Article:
Online gaming ban omitted from government spending bill

WASHINGTON — Congress in its final major bill of the year unveiled Tuesday declined to support a call by billionaire casino owner Sheldon Adelson for a ban on legalized Inter­net gambling.

The $1.1 trillion measure would fund most government operations through September of next year, making it a must-pass measure. It also contains dozens of individual policy provisions sought by lawmakers and special interests.

But after being flooded by lobbyists from both sides, House leaders declined to get involved in a battle that caused a major split in the casino industry and sparked speculation of an unusual alliance between Senate Majority Leader Harry Reid of Nevada and Adelson, a leading conservative.

The omnibus spending bill did not contain Adelson-sought provisions that would reinstate federal law to ban all forms of Internet gambling. A December 2011 Justice Department opinion held that the relevant law, the Interstate Wire Act of 1961, only outlaws sports betting online.

Reid said Tuesday this year’s debate over online gaming essentially would be over if the spending bill was silent. It would be the third consecutive Congress that tried to form a federal strategy on legalized Web gambling only to fall far short of agreement or consensus.

“If we can’t get it into the omnibus, it won’t be in anything,” Reid said in a brief interview of the online prohibitions. The spending bill is the last must-pass bill being formed before lawmakers adjourn this week or next week.

Caesars Entertainment Corp. officials were happy anti-Internet gaming language was out of the bill. The company operates online gaming sites in Nevada and New Jersey.

“We believe that banning Internet gaming is bad public policy from our perspective,” said Caesars Senior Vice President of Government Affairs Jan Jones Blackhurst. “We’re pleased this issue will be discussed openly and not hidden in some omnibus bill.”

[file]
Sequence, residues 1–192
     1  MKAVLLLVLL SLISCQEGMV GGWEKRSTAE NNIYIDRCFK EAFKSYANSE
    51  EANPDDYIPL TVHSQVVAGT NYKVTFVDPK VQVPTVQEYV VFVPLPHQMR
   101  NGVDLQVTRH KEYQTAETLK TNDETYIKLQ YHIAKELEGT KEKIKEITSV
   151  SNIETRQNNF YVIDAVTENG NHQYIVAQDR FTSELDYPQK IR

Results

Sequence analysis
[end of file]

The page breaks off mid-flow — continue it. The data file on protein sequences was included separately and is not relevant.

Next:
Reid has said little about Internet gambling this year.

He had supported legislation that would ban online wagering but carve out an exemption for Web poker whose advocates argue is a game of skill and not of chance. That position was consistent with Nevada law that legalized Internet poker but not other forms of online gaming.

In recent months Reid became the subject of speculation that he was in alliance with Adelson, chairman of Las Vegas Sands Corp. and one of the nation’s prominent conservatives. The two have said they have a friendly relationship even though their politics are diametrically opposite. Adelson also is a major financial supporter of Republicans, who could cause problems for Reid’s re-election in 2016.

The $1.1 trillion spending bill also contained other items affecting Nevada. Among them:

■ It contains no funding to revive the Yucca Mountain nuclear waste project.

■ It grants the Environmental Protection Agency $7.85 million to begin re­locating Las Vegas offices and laboratories from the campus of UNLV to the Harry Reid UNLV Research and Technology Park in the southwest valley.

■ It renews the Travel Promotion Act, the federal-private sector partnership that promotes U.S. destinations to visitors from overseas.

■ It prohibits the Fish and Wildlife Service from writing a final decision in 2015 whether sage grouse populations in Nevada should be declared an endangered or threatened species.

■ It provides $442 million of “payments in lieu of taxes” to be divided among Western counties that contain substantial tracts of federal land.

■ It allocates $2 million for programs combating the invasive quagga mussel, with priority to go to Lake Mead in Nevada and Lake Powell in Utah and Arizona.

■ It prohibits the Drug Enforcement Agency from spending funds in any way that might undermine medical marijuana programs in states where they are legal, including Nevada.